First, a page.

Is anybody listening? With so much going on around us, it can be hard to move from meaningless small talk to honest conversations, but paying close attention to family members, customers and employees is the key to reducing conflict and discovering new ideas. Listening takes focus and concentration, which is typically not a good fit for multitasking and busy schedules. The downside of all the chitchat and clickbait we encounter every day can be that there is no time to talk about the things that really matter. If constant preoccupation makes us too distracted for meaningful conversations, what is the best way to turn down the noise long enough to truly hear someone else? Here are some thoughts about making time for listening:
1. Hearing is not the same as listening
Just because you can physically hear what someone is saying doesn't mean you are actually paying attention and following the other person's logic. This lack of interaction makes the mechanical approach of "active listening" techniques promoted in business leadership so ineffective. "Listening is more than being silent while the other person talks," wrote Jack Zenger and Joseph Folkman recently, going on to say:
"In fact, much management advice on listening suggests [...] encouraging listeners to remain quiet, nod and “mm-hmm” encouragingly, and then repeat back to the talker [...] However, recent research [...] suggests that these behaviors fall far short of describing good listening skills."
Because it requires special focus, listening is the conscious decision to set work-related or personal concerns aside.
2. Finding opportunities to listen
Meaningful conversations don't have to be confined to conference rooms or offices. Car rides, walks, or other situations that are typically taken up by talk about the weather are a good chance to ask more profound questions and wait for the answer. Listening doesn't mean you have to provide ready-made solutions. In fact, asking follow-up questions to help the other person probe more deeply into a matter is much better than offering well-worn, trite sentiments. Simply using a few minutes to fully focus on someone else's statements without offering preconceived notions is a powerful human interaction.
3. Staying in control of listening time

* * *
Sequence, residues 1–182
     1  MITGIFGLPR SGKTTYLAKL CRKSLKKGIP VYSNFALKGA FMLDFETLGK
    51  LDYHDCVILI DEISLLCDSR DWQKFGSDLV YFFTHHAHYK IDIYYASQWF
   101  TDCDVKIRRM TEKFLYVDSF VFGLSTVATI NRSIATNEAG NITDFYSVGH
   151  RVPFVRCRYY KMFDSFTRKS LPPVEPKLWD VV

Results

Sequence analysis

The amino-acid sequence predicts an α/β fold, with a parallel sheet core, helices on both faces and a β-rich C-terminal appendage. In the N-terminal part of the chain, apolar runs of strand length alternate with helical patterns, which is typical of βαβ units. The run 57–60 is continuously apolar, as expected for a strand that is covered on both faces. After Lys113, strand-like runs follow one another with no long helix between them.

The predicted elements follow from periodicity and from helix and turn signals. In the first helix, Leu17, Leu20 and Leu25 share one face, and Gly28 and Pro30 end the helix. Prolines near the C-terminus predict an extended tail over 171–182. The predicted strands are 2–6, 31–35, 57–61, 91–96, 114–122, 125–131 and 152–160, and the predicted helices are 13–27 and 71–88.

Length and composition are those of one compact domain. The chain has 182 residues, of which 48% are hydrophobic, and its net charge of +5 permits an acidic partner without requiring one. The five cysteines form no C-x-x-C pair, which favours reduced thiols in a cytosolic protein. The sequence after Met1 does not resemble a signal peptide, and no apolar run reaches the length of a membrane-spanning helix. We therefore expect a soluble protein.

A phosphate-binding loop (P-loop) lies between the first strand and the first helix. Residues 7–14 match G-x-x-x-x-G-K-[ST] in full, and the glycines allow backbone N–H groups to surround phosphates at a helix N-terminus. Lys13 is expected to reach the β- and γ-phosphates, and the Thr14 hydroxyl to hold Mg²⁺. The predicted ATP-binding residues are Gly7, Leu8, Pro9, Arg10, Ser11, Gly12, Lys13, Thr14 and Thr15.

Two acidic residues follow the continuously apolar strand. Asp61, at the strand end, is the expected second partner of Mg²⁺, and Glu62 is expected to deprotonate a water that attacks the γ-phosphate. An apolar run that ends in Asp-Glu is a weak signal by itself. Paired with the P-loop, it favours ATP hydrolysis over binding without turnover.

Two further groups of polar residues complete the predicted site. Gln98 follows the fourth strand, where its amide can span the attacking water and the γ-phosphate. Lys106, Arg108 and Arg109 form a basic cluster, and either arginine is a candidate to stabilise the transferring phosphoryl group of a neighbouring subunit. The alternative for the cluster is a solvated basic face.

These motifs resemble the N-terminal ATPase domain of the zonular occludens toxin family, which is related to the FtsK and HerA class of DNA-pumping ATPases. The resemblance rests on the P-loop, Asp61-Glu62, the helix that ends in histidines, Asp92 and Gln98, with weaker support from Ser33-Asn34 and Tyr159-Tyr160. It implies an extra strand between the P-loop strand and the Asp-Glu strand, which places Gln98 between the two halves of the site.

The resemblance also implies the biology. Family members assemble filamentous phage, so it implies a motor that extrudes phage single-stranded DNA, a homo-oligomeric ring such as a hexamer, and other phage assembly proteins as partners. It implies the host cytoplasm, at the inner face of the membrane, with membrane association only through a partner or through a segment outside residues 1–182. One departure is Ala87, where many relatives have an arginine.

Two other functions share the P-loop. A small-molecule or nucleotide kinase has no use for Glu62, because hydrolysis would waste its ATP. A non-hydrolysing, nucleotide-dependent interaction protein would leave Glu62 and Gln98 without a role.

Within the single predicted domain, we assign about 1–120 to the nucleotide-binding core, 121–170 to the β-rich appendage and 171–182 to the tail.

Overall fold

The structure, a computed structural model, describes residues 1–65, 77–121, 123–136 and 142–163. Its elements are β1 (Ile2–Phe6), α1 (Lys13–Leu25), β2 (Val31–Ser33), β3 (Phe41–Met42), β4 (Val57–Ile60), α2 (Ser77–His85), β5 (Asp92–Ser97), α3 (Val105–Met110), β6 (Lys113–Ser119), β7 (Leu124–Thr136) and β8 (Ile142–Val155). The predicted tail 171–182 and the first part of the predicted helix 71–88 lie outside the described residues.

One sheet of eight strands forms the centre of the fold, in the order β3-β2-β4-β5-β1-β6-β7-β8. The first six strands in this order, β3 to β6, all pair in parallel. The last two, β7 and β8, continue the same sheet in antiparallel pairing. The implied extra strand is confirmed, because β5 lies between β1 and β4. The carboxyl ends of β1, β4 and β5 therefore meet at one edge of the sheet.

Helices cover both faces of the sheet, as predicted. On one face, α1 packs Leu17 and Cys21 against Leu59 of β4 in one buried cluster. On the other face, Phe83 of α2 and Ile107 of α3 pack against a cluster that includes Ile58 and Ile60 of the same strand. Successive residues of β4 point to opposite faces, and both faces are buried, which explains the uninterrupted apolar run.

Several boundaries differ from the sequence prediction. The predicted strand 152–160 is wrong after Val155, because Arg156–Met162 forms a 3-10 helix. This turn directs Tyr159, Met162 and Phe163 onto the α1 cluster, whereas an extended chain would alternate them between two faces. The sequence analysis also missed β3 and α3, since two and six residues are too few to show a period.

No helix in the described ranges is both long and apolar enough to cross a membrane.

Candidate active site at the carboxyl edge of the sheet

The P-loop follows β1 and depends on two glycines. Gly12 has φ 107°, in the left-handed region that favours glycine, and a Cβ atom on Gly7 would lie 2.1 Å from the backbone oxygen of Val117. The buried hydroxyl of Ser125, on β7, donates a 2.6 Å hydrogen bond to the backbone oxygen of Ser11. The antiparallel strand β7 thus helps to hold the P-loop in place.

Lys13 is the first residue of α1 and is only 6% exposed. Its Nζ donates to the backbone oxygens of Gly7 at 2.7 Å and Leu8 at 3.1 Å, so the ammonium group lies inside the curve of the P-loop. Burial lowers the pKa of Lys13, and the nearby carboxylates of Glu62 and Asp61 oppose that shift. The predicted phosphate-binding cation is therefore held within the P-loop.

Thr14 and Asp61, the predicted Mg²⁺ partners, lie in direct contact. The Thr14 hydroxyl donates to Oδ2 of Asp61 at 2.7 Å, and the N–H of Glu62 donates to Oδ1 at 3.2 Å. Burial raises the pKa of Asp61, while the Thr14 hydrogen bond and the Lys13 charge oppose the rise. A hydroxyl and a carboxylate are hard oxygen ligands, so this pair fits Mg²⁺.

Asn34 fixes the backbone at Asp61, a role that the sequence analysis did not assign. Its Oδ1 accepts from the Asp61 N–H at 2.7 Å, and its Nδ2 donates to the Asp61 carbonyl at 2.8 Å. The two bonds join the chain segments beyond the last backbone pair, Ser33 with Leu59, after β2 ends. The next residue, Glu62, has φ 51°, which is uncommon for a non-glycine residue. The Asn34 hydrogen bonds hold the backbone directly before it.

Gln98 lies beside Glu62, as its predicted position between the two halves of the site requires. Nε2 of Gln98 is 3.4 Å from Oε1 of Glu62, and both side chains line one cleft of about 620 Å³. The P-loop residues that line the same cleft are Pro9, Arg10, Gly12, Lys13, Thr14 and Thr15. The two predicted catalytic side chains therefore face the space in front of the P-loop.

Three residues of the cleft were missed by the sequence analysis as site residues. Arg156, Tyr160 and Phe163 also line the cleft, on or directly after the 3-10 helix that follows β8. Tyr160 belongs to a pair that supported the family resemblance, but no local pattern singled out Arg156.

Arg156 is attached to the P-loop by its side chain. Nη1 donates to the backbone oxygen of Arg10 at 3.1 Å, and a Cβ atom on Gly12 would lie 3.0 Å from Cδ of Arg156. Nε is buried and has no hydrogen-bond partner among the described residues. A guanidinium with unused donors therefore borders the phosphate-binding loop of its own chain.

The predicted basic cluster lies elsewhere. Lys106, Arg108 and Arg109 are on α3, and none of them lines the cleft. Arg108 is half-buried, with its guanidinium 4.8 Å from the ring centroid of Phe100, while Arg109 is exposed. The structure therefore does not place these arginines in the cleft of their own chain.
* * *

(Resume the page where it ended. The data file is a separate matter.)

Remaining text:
It is a common misconception that good listeners have to make themselves available to others at all times. As I've written before, there is no obligation to drop everything for every request of your time. Unless it's an emergency, it is perfectly acceptable to suggest a conversation time that is convenient for you. Not only will you feel less resentful about the intrusion, but you will also be able to arrange the rest of your tasks to accommodate the request. As always, it is a good idea to state how much time you have, and when you will need to wrap up the conversation. Letting the other person know you have half an hour is much more constructive than looking at your watch and sighing.
4. Choose low-productivity hours for longer conversations
Good listening takes some planning because it is difficult to abruptly start and end a deeper exchange. If you are busy (and who isn't?) you are under no obligation to spend your key productive hours, such as morning hours, in personal conversations. Other times of the day, such as afternoon or evening hours, are better suited because you will have completed your most important work tasks and will not feel worried about work that still has to be done.
The most common distraction from fully listening is focusing on what you want to say when the other person stops talking, a psychologist friend wrote recently. Making the time, by conscious planning, to give another person your undivided attention while holding back your own comments is a precious gift we should all give more often.
What have you learned about making the time to listen?
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